Posted by Michael Andersen (News Editor) on November 4th, 2013 at 9:04 am
(Photo © J. Maus/BikePortland)
Good morning readers! Please join us in thanking this week’s sponsor of the Monday Roundup: Pedal PT is southeast Portland’s full-service, bike-friendly physical therapy headquarters. They specialize in bike fit and cycling injury recovery… And their support helps make BikePortland possible.
Now, onto the news…
Poetic justice: “Labour MP who called cyclists ‘law-breakers’ busted for running a red.”
Condoms sponsor bikesharing: “If you climb in the saddle, be ready for the ride,” say the ads for a Boulder, Colo.-based condom maker that are helping pay for the city’s new bikeshare system. With our system probably delayed again due to lack of sponsors. Portland needs all the ideas it can get.
Traffic as a new global pandemic: Fascinating analogy: “Car crashes and motorcycle accidents are symptoms of a disease, and it’s high time we started looking at killer roads as a public health crisis.”
PSU scholar killed: The Egypt-born founder of Portland State University’s well-regarded School of Urban Studies and Planning, Nohad Toulan, died with his wife in an Uruguay car crash this week.
Hit and run enforcement: “Oregon makes it too easy for lily-livered motorists to play the odds of not getting caught,” Oregonian columnist Joe Rose writes, suggesting that the state follow in California’s footsteps by doubling the statute of limitations from three years to six.
Tickets for bike speeders: Seattle police have been handing out speeding tickets to drivers and bicyclists alike.
Three ideologies of transportation: How did you become passionate about bike politics, and why? Richard Masoner of Cyclicious summarizes a chapter from a new book by describing the three sides of “the politics of mobility.”
Bikes and social equity: The new blog Invisible Cyclist includes a great roundup of links to recent thinking about race, class and bikes, many of them written by Portlanders.
Networked bikes: The bikes of the future will talk to each other (and to your phone, of course), tech blog ReadWrite argues using a few examples, though we wish Intel’s Open Bike Initiative were one of them.
Bikeshare maker lawsuit: The operator of Minneapolis’s bikesharing system is threatening to sue Public Bike System Company for breach of contract. PBSC also supplies equipment to Portland-based Alta Bicycle Share; back in January, Alta also filed, then withdrew, a similar suit. By all available accounts, PBSC is in deep financial trouble.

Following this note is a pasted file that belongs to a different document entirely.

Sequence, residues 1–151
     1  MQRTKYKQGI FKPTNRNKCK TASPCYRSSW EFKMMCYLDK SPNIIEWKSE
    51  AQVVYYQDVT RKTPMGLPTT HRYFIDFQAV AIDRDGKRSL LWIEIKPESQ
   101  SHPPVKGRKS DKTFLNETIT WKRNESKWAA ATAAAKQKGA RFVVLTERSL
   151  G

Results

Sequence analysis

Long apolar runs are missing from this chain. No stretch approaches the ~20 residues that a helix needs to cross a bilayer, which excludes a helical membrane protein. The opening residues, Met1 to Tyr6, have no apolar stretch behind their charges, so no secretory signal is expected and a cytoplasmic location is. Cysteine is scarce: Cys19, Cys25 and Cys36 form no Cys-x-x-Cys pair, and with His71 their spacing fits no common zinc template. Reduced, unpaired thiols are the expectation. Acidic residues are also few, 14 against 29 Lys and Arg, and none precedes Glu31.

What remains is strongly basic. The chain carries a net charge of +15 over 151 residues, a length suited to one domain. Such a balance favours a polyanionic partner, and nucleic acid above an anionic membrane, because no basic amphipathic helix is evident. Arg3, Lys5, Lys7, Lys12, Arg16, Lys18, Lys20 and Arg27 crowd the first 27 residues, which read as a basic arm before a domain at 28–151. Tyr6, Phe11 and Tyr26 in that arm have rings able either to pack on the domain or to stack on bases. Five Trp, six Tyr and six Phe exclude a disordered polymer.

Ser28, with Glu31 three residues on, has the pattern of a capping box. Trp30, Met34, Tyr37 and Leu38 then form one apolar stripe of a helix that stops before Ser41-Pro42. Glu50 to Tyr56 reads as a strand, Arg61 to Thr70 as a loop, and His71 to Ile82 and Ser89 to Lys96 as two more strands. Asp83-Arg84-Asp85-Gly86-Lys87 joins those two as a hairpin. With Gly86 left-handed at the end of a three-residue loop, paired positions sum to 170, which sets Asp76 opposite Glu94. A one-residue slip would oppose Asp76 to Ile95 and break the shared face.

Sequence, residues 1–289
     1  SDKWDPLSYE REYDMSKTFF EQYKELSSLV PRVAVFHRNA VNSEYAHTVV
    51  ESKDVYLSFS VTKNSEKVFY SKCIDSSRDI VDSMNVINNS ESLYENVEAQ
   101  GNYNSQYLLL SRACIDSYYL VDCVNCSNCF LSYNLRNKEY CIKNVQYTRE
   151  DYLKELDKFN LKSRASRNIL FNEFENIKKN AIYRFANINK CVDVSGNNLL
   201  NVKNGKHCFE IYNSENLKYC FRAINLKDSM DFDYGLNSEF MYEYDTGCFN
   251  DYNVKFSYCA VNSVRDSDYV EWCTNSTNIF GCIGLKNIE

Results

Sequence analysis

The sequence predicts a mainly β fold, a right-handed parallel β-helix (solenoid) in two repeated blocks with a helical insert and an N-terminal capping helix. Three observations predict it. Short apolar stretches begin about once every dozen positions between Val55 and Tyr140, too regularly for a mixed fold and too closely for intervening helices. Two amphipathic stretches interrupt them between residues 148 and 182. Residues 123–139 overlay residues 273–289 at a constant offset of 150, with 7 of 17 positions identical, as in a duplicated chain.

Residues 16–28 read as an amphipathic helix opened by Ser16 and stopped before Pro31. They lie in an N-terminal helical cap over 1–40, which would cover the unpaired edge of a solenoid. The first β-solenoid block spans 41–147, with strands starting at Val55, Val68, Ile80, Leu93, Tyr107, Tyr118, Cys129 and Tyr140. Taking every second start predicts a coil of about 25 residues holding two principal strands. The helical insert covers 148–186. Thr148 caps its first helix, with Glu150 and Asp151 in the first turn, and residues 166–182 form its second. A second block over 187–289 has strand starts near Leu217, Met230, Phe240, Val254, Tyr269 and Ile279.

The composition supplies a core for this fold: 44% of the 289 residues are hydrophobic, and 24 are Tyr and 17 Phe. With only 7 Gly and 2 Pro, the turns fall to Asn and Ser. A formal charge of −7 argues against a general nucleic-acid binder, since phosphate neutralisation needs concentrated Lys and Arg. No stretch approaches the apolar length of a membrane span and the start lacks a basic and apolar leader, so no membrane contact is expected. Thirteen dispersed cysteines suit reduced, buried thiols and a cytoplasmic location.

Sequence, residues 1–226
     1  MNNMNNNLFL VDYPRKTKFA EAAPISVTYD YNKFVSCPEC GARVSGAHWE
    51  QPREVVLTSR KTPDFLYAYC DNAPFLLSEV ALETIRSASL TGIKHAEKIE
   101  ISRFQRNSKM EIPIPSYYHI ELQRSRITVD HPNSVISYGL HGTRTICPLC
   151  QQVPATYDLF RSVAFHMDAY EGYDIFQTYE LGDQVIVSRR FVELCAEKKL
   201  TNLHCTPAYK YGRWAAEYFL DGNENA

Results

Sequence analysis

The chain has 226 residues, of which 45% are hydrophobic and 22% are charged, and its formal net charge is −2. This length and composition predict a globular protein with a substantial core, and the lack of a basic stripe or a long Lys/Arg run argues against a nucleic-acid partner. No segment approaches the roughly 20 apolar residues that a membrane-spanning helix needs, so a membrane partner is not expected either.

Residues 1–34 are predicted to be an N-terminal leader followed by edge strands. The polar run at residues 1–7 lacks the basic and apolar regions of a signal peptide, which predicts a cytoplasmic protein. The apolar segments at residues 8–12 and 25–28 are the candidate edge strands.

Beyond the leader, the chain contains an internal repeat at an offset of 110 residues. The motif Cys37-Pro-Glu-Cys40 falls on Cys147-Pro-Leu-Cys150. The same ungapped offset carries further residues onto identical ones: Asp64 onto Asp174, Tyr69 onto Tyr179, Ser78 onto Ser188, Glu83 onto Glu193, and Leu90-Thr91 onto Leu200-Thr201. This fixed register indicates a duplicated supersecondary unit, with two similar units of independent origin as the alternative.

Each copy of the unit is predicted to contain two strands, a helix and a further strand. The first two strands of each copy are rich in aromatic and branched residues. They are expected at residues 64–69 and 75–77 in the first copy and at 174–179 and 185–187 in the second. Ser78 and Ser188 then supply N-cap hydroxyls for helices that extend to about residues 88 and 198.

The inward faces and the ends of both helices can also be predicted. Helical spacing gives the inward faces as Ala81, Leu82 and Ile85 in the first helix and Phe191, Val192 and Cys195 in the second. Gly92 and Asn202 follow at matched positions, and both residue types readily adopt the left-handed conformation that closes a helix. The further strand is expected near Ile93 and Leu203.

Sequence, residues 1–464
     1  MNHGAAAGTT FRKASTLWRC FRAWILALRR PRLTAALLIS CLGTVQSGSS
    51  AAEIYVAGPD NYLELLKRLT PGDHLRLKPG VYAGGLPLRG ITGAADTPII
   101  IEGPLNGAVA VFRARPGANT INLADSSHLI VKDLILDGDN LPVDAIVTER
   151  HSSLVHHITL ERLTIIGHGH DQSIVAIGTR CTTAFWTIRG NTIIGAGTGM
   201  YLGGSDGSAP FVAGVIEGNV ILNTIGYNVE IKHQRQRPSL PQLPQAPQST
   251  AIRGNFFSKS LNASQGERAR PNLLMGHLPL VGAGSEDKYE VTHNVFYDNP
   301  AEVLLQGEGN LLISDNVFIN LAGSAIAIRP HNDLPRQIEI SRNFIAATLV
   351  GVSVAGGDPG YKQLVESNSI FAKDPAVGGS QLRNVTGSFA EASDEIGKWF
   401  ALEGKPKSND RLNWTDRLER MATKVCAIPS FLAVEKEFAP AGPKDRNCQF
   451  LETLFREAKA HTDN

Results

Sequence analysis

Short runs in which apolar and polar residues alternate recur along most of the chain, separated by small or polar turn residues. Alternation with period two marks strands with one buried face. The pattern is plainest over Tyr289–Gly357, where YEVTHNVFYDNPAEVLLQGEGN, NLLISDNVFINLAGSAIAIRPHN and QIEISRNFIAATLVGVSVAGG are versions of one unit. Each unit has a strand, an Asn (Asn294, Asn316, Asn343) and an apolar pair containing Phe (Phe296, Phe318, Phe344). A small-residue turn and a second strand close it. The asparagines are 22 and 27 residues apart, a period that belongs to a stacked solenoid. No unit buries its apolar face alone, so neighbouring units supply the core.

Bike event regulation: Four years after Chicago’s bid to host the Summer Olympics, a rural Wisconsin county that might have held the bike events has become a popular bike tourism destination … and its county government now wants to require organized bike rides to buy event insurance and notify “affected residents” in advance.
Chicago cycle track: After months of resisting installation of protected bike lanes on state-run streets, the Illinois Department of Transportation has changed course and is allowing a pilot project on a street where a local bike advocate was killed by an allegedly drunk driver. The Chicago Reader has a heart-rending profile of that victim, Bobby Cann.
Drunk walking: Here’s a scary thought: the National Highway Traffic Safety Administration wants you to think that “Walking impaired can be just as dangerous as drunk driving,” according to its official press release.
AAA activism: Automobile lobby organization AAA is opposing a proposal to set a maximum speed limit of 20 mph on neighborhood streets throughout New York City because it says the decision is “best left to traffic engineers.”
The Dutch way of crashing: It’s nuts for American law to presume that people who crash cars into people are innocent unless proven guilty, argues Bob Mionske on Bicycling.com. the Dutch force drivers to prove that they weren’t at fault. “If you say you were driving and didn’t see somebody, it’s almost always because you weren’t paying attention.”
How sprawl killed childhood: Jane Brody says auto-dependent lifestyles have replaced youngsters’ freedom with “play dates, lessons and organized activities to which they must be driven and watched over by adults.”
Bike reformer quits: Gabe Klein, the bureaucrat who made Washington and Chicago two of the country’s most pro-bike cities (and served as a mentor to Portland Bureau of Transportation Director Leah Treat), is leaving his post as Chicago’s transportation director to rejoin the private sector.
Biking and civil rights: “Much of bicycle advocacy in the last forty years has been geared (statistically speaking) to the needs of men,” Elly Blue argues. “I’ll never forget speaking in Atlanta two years ago and asking what the barriers to bicycling were and people brought up a ton — fast, unfriendly roads, smog, distance — but nearly every woman in the room added “and harassment.'”
Colville-Andersen walks: Urban mobility expert and outspoken critic of helmet laws Mikael Colville-Andersen plans to protest Adelaide, Australia’s helmet legislation by refusing to bike when he visits for a bike conference next year.
Even when your job is coaching the second-ranked football team in the country, a bit of physical activity each day will probably make you better at it. Oregon Ducks coach Mark Helfrich and his classily casual riding wear are the unassuming stars of your video of the week:
This month’s Monday Roundup is sponsored by Pedal PT, southeast Portland’s full-service, bike-friendly physical therapy headquarters with a specialty in bike fit and treatment of cycling injuries. Roll into their indoor bike parking at SE 25th and Clinton (and thank them for supporting BikePortland!).